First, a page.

Every year travel magazines and survey authorities across the world hurl accolades at Costa Rica’s beautiful beaches and seemingly happy people. This year was no different, but the predicted wave of praise was also accompanied with an unforeseen amount of criticism.
To acknowledge this, The Tico Times has adapted last year’s “The Best of Costa Rica in 2013, according to everyone else” to include not just the good, but the bad and the ugly as well.
As always, Costa Rica was recognized this year as a top tourist destination. International Living Magazine still ranks Costa Rica a top retirement destination, and the country was ranked the most recommended travel destination by the Global Tourism Monitor Survey. In 2014, more people searched for Costa Rica on the popular search engine Bing than any other vacation destination. TripAdvisor included Costa Rica in its Traveler’s Choice Awards, ranking Manuel Antonio as one of the best beaches and the Nayara Hotel in Arenal as one the best hotels in the world.
But not every traveler was enamored in Costa Rica in 2014. The editors at Ethical Traveler dropped Costa Rica from its list of top ethical travel destinations due to perceived transgressions in human rights and environmental protection.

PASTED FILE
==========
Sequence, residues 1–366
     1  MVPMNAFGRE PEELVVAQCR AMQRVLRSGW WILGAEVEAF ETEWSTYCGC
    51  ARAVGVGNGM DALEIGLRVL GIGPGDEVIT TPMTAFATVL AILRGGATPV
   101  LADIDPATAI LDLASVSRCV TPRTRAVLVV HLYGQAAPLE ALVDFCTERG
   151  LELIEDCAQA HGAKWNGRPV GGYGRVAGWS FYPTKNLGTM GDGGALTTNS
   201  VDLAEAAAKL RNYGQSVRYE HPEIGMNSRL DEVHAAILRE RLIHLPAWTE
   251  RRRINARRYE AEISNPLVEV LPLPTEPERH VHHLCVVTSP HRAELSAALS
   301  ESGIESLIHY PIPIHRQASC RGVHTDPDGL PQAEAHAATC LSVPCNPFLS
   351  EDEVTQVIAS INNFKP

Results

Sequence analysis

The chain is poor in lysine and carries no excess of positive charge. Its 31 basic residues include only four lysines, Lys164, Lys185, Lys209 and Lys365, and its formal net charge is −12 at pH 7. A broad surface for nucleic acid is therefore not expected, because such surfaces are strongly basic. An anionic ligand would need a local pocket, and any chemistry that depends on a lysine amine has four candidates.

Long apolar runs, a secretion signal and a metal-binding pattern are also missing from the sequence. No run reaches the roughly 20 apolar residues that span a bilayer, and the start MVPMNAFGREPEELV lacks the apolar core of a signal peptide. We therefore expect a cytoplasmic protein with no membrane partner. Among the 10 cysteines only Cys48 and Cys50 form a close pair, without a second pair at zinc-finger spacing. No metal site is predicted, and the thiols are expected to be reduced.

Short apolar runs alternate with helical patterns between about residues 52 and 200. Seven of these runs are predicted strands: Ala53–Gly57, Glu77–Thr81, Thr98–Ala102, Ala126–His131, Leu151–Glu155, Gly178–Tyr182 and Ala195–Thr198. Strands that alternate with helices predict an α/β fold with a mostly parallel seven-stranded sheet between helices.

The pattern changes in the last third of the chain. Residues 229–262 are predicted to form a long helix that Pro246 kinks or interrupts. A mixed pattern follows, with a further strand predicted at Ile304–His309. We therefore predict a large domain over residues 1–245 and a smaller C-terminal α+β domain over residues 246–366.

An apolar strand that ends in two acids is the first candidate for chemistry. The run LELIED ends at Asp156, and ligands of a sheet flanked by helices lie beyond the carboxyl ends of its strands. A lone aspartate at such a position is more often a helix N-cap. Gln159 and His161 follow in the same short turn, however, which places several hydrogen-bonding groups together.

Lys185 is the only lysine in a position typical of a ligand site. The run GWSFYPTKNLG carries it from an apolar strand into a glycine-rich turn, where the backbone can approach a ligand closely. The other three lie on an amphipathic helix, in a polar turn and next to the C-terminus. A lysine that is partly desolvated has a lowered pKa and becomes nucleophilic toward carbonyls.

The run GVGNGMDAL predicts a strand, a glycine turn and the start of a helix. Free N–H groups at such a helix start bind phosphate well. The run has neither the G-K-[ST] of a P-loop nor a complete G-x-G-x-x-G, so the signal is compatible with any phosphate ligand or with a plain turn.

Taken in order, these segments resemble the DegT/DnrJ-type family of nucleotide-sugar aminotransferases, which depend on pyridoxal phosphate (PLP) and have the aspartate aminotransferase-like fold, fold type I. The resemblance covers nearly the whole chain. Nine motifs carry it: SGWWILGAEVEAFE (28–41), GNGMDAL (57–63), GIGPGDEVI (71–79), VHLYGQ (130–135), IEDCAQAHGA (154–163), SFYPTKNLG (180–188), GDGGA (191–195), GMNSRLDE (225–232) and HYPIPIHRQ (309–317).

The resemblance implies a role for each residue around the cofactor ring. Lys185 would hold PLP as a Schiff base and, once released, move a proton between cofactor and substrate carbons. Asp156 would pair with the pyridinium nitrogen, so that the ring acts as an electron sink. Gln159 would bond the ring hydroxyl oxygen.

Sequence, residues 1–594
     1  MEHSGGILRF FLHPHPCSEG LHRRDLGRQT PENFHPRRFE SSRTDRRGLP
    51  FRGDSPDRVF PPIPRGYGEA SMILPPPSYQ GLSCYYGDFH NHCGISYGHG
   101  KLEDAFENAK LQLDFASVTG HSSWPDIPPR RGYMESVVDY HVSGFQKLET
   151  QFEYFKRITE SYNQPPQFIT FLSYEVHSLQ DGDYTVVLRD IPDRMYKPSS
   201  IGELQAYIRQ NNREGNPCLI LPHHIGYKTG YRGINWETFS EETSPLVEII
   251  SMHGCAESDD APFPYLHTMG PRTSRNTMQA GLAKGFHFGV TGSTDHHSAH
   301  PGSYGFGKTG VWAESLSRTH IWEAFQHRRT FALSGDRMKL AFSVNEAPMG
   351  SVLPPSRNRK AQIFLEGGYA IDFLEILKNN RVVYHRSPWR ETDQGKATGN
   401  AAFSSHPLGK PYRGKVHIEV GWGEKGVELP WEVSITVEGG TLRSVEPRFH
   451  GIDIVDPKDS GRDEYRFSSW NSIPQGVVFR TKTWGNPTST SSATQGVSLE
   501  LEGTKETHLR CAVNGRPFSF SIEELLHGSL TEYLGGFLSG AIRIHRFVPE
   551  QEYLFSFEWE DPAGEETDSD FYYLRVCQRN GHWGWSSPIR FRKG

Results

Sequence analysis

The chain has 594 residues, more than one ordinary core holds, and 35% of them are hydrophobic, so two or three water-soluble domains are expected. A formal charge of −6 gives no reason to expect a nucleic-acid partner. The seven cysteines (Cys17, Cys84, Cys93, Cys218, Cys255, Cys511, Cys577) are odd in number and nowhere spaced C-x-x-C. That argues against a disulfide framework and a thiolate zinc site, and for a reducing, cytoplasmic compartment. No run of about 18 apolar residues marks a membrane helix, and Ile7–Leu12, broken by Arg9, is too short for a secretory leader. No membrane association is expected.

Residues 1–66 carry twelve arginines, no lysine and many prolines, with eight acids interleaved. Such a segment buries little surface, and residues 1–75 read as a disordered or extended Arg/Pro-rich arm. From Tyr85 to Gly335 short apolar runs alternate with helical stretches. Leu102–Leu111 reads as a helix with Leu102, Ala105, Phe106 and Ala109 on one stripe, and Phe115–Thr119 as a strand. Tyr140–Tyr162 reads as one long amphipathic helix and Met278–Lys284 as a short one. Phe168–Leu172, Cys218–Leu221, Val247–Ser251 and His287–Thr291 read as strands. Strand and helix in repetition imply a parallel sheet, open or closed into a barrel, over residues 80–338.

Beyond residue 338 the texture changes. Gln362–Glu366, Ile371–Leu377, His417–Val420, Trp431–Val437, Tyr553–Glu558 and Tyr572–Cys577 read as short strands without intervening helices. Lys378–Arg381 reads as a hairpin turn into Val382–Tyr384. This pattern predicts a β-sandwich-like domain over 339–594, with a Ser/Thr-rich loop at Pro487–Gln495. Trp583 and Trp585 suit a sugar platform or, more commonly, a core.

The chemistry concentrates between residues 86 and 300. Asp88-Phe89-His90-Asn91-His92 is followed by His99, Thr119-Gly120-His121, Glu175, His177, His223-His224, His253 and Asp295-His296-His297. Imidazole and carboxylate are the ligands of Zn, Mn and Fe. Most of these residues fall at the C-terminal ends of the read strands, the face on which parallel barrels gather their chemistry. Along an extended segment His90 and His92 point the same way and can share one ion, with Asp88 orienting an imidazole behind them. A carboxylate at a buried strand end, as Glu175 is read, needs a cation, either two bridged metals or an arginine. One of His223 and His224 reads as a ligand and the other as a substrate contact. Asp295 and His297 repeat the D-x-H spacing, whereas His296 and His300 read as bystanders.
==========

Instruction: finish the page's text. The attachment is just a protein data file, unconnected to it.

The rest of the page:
Costa Rica’s green image took a hit in 2014 as the country tumbled from fifth place to 54th in Yale’s Environmental Performance Index due to changes in the index’s criteria. But, at the same time, according to Costa Rica topped the region in the University of Notre Dame’s Global Adaptation Index, which ranked the country’s ability to adapt to climate change.
Human rights and quality of life
As in years past, Costa Rica ranked as the world’s happiest country in 2014, according to the Happy Planet Index. The country also ranked near the top of America Quarterly Magazine’s Social Inclusion Index, beating out the United States, and Costa Rica beat out a number of European countries in the Social Progress Index. The country’s capital of San José was also shockingly ranked the second-best city in the region for doing business, according to the World Bank.
But while Costa Ricans are supposedly happy, their reporters are not. Reporters Without Borders dropped Costa Rica’s press freedom ranking three spots and recent government spying scandals will likely warrant an even more significant drop next year.